[President Jagdeo] is desperate to leave a positive legacy and his time is quickly running out (his current term is his last and it ends in 2011). He saw this as the perfect opportunity for Guyana to host the region and impress upon them that he has done well for Guyana as president….

But C.D. Valere, a US-based Guyanese literary blogger who posts atSignifyin’ Guyana , and returned to Guyana for the festival, disagreed:

Hopefully, Carifesta will be a chance for those who live in the region and those who claim belongingness to the region to (again) enjoy their commonalities and differences in a relatively relaxed and fun atmosphere.

A major planning hitch came two days before the opening ceremony, when the system for distributing free Carifesta tickets to the public broke down, leaving hundreds of people to queue for hours. Living Guyana posted photos of the crowd outside the Carifesta Secretariat. Meanwhile, Nicolette Bethel, a writer and theatre director who serves as director of culture in the Bahamas, reported on her arrival in Guyana and then the frustrating discovery that the Bahamian contingent’s entire container of costumes, stage sets, artworks and artifacts had failed to leave the Bahamas. And the night before the opening, Living Guyana posted photos suggesting that construction was still incomplete at one of the main exhibition sites.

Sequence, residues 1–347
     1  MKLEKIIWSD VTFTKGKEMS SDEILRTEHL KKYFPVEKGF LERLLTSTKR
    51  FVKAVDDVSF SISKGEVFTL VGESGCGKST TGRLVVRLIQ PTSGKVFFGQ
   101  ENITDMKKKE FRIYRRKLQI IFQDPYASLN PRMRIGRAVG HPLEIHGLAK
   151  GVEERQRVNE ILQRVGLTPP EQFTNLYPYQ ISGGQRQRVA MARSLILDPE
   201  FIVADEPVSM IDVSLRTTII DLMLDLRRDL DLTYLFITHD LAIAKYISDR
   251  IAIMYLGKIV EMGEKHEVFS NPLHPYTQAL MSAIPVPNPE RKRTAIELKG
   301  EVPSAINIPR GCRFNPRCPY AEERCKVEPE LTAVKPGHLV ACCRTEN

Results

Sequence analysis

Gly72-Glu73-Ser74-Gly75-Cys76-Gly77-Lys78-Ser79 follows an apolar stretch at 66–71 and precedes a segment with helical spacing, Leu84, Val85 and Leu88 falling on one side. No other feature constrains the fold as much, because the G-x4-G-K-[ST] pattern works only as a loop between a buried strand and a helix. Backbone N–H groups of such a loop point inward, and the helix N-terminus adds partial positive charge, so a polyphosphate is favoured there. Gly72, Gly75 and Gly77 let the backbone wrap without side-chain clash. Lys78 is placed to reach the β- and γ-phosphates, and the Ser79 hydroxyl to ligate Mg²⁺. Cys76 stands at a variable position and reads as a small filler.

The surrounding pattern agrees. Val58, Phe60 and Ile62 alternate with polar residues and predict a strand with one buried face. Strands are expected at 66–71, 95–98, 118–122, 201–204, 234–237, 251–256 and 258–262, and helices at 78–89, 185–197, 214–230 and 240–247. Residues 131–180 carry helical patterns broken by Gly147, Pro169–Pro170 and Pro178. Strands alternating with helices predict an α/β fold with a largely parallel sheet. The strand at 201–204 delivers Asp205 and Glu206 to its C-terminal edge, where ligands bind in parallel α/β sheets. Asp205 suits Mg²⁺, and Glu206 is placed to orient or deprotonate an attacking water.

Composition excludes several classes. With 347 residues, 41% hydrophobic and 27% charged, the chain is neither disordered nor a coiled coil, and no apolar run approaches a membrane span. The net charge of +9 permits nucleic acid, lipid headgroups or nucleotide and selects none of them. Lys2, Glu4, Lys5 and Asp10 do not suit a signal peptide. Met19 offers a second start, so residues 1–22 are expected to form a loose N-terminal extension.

The opening ceremony itself, televised live, drew strongly mixed reactions. Living Guyana described it as a "glorious disaster … disjointed and embarrassing". "I’d love to tell you that the opening ceremony … was a show of money well spent," wrote Signifyin’ Guyana . " It was not. But I’m having so much fun otherwise, I’d rather not dwell on the negatives right now." Press reports also described the disappointed reactions of the audience to the opening ceremony, and a "negative" story in the Guyana Times , the newest of Guyana’s newspapers (launched just a few weeks ago), even got a journalist fired. Living Guyana broke the story :

It is widely known that Guyana Times is owned by the Ramroop family who have very close links to President Bharrat Jagdeo and the newspaper has taken a decidedly pro-government/pro-PPP slant and does not encourage criticisms of the government or its activities to be published.